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April 26, 2013

"Sometimes a number is just a number, but when the number at issue triggers an enhancement under the Sentencing Guidelines, that number matters."

The title of this post is the first sentence of this notable Eleventh Circuit panel decision today in US v. Washington, No. 11-14177 (11th Cir. April 26, 2013) (available here).  Here is the rest of the first paragraph, as well as an interesting extra little part of the story from the final section of the Washington opinion (cites omitted):

In this appeal we decide whether the government presented sufficient evidence that 250 or more persons or entities were victimized by the fraud scheme in which Gary Washington participated.  Because the government failed to put on any evidence that there were 250 or more victims, we vacate Mr. Washington’s sentence and remand for the district court to resentence Mr. Washington with a 2-level enhancement under U.S.S.G. § 2B1.1(b)(2)(A) rather than a 6-level enhancement under § 2B1.1(b)(2)(C)....

The government asks that it be allowed to prove on remand that there were 250 or more victims for whom Mr. Washington was responsible.  We decline the government’s request. Nothing prevented the government -- which was aware of Mr. Washington’s objection -- from putting on evidence concerning the number of victims at the sentencing hearing, and a party who bears the burden on a contested sentencing issue will generally not get to try again on remand if its evidence is found to be insufficient on appeal.  We have discretion to permit the government to present evidence at resentencing even though it amounts to giving the party a second bite at the apple.  But often a remand for further findings is inappropriate when the issue was before the district court and the parties had an opportunity to introduce relevant evidence, and here the government failed to present any evidence concerning the number of victims.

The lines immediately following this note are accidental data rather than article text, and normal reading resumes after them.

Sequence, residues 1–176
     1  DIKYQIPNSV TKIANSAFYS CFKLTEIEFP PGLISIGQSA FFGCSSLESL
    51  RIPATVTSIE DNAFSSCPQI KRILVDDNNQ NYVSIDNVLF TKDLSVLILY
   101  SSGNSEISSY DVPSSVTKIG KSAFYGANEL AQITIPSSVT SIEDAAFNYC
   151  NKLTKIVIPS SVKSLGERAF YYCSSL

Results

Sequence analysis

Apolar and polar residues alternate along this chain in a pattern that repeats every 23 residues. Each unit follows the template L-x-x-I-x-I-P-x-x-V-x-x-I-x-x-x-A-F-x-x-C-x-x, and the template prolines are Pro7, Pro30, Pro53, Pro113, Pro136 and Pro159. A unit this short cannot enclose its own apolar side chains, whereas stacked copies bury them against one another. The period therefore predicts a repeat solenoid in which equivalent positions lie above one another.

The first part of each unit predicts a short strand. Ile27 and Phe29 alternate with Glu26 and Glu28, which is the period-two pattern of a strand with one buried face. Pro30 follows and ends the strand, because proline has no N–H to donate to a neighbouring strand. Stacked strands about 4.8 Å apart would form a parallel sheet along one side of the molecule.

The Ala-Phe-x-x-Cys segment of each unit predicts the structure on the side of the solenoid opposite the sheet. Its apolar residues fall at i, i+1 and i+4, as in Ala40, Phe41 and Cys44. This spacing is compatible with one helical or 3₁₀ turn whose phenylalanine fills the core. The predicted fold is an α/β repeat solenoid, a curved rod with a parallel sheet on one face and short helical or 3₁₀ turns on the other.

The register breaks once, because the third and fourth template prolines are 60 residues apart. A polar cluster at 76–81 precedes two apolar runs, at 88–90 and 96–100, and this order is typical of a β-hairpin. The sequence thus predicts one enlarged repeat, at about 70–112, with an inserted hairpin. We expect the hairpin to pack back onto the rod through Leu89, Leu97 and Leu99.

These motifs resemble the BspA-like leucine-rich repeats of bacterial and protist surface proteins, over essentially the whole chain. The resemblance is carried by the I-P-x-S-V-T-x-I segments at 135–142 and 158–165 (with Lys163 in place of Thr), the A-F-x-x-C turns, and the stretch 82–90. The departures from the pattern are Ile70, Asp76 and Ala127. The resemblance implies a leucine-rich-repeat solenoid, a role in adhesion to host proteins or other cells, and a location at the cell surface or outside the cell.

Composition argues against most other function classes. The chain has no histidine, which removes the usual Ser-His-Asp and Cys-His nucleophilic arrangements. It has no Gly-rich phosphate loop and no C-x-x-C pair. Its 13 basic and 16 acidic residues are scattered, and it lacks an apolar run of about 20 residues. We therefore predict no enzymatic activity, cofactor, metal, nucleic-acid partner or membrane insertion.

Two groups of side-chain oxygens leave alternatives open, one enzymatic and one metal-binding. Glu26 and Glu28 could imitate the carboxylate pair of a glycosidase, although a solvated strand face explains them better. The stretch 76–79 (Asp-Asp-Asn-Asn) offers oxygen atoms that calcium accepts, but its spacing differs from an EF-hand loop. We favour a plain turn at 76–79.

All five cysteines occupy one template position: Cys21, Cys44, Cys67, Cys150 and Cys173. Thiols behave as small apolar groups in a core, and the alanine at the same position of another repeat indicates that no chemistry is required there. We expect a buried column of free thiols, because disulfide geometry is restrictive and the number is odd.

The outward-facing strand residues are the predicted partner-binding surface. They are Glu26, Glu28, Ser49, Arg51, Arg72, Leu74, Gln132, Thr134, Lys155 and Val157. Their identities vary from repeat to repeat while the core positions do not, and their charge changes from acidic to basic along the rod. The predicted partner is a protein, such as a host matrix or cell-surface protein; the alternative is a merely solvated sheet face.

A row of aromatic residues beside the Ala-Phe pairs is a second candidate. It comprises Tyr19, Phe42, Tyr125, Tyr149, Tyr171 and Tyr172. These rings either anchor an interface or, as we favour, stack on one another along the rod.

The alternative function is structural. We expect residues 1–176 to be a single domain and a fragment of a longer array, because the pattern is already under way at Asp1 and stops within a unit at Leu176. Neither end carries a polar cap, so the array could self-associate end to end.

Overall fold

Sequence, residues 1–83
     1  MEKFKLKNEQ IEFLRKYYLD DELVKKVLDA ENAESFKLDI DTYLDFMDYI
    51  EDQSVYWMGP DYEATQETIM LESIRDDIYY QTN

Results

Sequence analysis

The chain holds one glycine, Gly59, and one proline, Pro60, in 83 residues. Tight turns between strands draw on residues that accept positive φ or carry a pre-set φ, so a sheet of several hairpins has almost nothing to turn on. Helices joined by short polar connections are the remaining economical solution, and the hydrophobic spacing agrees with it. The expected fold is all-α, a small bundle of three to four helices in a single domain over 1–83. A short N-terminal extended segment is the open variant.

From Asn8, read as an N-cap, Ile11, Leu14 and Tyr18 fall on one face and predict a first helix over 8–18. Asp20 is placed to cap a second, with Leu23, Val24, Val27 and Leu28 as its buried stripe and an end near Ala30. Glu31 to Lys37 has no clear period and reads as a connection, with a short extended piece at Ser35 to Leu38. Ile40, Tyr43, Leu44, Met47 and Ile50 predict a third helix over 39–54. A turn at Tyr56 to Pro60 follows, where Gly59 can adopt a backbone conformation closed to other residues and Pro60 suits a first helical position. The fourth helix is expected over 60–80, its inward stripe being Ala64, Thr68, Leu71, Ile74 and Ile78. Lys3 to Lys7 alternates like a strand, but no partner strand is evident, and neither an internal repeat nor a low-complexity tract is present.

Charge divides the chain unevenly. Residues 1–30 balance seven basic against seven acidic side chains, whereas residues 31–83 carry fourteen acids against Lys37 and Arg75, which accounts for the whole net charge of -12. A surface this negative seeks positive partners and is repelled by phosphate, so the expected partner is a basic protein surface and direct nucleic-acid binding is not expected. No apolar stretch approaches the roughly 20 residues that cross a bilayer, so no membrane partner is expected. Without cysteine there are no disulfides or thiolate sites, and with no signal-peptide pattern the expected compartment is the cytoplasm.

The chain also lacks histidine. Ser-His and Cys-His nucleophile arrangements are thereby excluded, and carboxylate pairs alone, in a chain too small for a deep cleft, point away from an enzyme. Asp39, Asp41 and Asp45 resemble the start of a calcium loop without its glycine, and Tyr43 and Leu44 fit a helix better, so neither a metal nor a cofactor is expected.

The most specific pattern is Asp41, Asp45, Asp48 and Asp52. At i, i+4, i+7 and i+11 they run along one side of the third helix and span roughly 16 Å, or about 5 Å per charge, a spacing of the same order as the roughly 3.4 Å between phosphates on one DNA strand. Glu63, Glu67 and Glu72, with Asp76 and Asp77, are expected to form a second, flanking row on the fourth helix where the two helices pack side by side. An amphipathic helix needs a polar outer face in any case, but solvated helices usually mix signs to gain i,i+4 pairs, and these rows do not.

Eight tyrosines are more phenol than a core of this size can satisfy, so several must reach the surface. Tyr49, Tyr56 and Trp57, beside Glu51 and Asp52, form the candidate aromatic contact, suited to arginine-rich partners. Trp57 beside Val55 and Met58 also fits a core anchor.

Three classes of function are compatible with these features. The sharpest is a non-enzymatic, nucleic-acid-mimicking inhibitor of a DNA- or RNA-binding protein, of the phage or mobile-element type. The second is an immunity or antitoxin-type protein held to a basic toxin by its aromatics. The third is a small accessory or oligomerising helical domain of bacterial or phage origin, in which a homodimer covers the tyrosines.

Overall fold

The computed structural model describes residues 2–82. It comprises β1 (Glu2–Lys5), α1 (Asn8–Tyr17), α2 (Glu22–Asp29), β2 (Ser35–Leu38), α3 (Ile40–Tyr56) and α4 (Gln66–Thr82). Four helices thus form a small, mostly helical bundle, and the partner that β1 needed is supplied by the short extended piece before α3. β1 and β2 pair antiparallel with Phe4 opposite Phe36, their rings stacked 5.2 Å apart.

April 26, 2013 at 05:59 PM | Permalink

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Sentencing enhancements are often extremely harsh and can contribute huge amounts of time to the defendant's sentence. The court can make a reasonable estimate of anything, and it can stick. In my spouse's case, the PSR recommended every enhancement possible, resulting in a sentencing recommendation of 6000 months (550 years) "Sophisticated means" bar, for instance, has gotten lower and lower....the statute says "especially"---which would mean "in particular, compared to all others" to define when the enhancement would apply...yet the 9th circuit in a recent decision found that the defendant, who diverted funds to a similar sounding account (a common embezzlement type plan)---used sophisticated means to defraud and deserved the enhancement. If the standard is that low, there would never be a fraud that could withstand the enhancement. Similarly, the enhancement for "widespread" is applied when it is a duplicate of "250 victims" How could there be any business that had more than 250 people invest and NOT be widespread or sophisticated, given the low standards? The Government basically has NO hurdle to get over---they can simply request the enhancement. This is why if you read appeal after appeal---you will see that people involved in businesses that are accused of being fraudulent have a recommendation of a LIFE SENTENCE. Then when the judge commutes this LIFE SENTENCE recommendation to 50 year, 30 years, 20 years...they are obviously giving a merciful downward departure, and these huge harsh sentences are "reasonable" --given the standard that Congress intended---then the appeals court says the judge had the discretion to depart downward and throw away the key--all the district judges have to do is say, "I considered everything". End of discussion.
So this decision is a step in the right direction. Making both the Government and Court do their job.
The fact that the court actually held the Government to any standard of proof is actually kind of amazing.

Posted by: folly | Apr 29, 2013 7:28:17 AM

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